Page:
Turkey is headed toward a major economic crisis, warned former United Nations Development Programme (UNDP) Turkey Director Bartu Soral, speaking to the Bugün daily in a report released Thursday.
“During the [ruling Justice and Development Party (AK Party)] period, Turkey experienced a Tulip Era when it comes to growth; however, the economy was actually imploding,” said Soral, referring to a period in the first half of the 18th century during which the Ottoman Empire enjoyed relative peace and prosperity and tulips were supremely popular, dotting the imperial capital of Constantinople at the time. However, by the end of the short-lived era, which was also characterized by lavish spending, the empire was mired in conflict and economic problems.
“There are three things that come to mind when describing the Turkish economy during the AK Party's tenure: borrowing, the foreign trade deficit and the current account deficit [CAD],” said Soral, pointing to the fact that while Turkey held $129 million in foreign debt when the AK Party came to power in 2002, that number skyrocketed to $402 million within 12 years. During the same period, the percentage of debt to disposable income rose from 3.4 percent to 55.2 percent, meaning that in 2002, $3.40 of debt could be found in every $100 of disposable income, whereas in 2013 that figure had risen to $55.20.
Real sector outstanding foreign debt shot up more than sixfold, from $43 billion in 2002 to $268 million in 2013. However, the real growth average in Turkey between 2003 and 2013 was 4.98 percent, Soral noted, considerably lower than the average developing country rate of 6.44 percent.
Soral summarized the past years as being defined by extensive borrowing in all areas, import dependency and a high CAD, while industrial production declined and the construction and the financial sectors expanded. He said Turkey's current situation bears similarity to Greece and Spain immediately before those countries entered an economic crisis.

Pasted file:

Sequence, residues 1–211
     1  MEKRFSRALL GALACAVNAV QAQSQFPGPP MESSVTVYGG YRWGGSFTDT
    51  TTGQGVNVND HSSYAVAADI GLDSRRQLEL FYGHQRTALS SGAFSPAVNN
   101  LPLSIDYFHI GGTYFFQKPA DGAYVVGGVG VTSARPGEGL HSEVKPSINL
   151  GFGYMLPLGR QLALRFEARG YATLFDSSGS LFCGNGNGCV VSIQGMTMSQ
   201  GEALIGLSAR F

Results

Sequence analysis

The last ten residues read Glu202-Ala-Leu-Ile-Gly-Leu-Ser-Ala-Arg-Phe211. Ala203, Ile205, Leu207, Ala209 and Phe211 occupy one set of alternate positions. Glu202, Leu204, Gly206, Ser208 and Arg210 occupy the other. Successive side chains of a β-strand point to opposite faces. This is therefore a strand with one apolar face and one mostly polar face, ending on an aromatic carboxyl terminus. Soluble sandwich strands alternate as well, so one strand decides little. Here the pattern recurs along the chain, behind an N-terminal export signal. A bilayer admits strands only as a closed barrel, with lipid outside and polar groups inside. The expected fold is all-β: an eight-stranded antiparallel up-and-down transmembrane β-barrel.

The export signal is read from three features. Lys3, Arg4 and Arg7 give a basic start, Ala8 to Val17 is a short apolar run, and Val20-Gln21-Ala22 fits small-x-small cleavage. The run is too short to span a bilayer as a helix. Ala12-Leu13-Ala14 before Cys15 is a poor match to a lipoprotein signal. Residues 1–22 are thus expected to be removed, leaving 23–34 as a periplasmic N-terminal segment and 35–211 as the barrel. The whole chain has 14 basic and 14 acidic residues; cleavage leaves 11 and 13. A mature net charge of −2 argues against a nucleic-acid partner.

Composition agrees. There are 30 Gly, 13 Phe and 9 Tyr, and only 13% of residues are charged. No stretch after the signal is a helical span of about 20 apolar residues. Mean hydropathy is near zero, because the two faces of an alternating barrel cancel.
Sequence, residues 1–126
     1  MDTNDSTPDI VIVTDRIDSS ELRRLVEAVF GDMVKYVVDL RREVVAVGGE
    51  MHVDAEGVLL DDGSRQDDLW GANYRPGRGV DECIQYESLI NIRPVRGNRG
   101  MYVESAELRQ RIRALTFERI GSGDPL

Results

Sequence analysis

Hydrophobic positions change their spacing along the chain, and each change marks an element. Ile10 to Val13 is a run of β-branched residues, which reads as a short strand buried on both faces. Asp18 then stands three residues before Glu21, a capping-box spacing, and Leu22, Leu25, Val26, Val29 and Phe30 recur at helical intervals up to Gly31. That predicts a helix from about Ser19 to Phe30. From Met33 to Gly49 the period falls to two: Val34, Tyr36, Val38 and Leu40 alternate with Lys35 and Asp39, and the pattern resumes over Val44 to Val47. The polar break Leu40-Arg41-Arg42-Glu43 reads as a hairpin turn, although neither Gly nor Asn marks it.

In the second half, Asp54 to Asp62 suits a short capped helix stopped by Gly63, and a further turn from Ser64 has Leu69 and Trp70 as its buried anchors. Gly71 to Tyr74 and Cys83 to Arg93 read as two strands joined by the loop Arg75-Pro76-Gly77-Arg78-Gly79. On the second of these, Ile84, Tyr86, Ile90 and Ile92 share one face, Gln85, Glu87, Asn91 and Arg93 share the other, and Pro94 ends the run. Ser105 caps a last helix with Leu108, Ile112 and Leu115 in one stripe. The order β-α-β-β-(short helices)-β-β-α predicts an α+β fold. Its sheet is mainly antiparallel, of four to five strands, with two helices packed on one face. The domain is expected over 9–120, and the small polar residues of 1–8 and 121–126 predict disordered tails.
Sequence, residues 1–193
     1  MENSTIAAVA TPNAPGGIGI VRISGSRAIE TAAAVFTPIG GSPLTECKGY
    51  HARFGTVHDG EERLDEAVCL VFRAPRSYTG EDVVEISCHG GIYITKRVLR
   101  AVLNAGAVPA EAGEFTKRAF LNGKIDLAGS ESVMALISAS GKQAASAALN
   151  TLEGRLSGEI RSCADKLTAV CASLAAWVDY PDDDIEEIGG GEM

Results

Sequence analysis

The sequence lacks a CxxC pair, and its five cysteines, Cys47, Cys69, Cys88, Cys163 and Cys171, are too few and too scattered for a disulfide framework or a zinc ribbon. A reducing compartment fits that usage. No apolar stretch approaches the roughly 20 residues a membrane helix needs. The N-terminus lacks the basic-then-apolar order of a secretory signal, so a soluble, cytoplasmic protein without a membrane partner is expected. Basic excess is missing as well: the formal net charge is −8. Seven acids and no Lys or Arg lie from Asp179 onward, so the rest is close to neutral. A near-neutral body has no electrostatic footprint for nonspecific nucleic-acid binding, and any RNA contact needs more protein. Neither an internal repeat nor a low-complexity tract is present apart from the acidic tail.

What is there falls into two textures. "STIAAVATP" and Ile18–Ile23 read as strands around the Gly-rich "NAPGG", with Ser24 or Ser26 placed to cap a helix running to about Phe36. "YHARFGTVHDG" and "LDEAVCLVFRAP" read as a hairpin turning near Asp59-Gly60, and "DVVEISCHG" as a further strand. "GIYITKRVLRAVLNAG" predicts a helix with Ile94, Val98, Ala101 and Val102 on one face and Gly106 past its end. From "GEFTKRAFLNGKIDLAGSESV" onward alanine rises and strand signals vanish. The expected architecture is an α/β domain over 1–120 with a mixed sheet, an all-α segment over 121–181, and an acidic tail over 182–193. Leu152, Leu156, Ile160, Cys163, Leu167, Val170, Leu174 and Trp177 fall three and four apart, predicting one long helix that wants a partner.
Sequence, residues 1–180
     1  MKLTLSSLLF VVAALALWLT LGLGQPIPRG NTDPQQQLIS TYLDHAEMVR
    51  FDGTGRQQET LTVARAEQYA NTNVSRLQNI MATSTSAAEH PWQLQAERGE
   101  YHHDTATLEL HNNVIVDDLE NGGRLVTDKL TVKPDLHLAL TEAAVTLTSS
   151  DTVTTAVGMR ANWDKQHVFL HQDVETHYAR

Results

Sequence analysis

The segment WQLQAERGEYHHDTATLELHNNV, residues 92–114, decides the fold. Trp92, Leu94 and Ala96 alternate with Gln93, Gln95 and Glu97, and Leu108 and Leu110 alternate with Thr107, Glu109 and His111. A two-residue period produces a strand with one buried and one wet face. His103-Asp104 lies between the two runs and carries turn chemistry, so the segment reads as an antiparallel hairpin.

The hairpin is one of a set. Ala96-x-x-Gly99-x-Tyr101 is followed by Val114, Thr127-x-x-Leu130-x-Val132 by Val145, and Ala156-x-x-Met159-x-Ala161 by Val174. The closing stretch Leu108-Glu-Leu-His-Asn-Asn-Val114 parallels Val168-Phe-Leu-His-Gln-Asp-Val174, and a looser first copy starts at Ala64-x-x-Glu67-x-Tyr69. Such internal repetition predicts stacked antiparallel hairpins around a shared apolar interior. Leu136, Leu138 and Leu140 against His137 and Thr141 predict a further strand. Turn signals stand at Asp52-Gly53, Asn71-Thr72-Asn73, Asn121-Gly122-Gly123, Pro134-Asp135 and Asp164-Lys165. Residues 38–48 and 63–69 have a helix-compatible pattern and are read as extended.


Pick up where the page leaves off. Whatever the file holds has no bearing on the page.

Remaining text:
Critics of the government's reliance on the short-term, high profit nature of the construction sector have argued in favor of developing Turkey's industrial sector and increasing domestic production while scaling back on construction; however, President Recep Tayyip Erdoğan has dismissed the latter suggestion, saying that moving away from construction is out of the question. While Turkey was able to narrow its high CAD throughout 2014, it posted disappointing inflation figures and saw the lira growing weaker throughout the year, a trend that continued in 2015 as the lira reached record lows against the dollar.
Meanwhile, unemployment has persistently remained in the double digits for months and youth unemployment has crept up to just under 20 percent, according to the latest available figures, which are for November 2014. One in three workers in Turkey works on an informal basis and does not receive social security benefits. This number is significantly higher in the agriculture sector, which employs one out of every five people working in Turkey. According to a recent report from the International Labour Organization (ILO), unemployment is likely to remain high in the coming years. Although it predicts a drop in the unemployment rate to single-digit territory, the ILO nevertheless held a relatively negative outlook. It predicted that Turkey's unemployment rate will be 9.2, 8.9 and 9 percent in the years 2015, 2016 and 2017, respectively.
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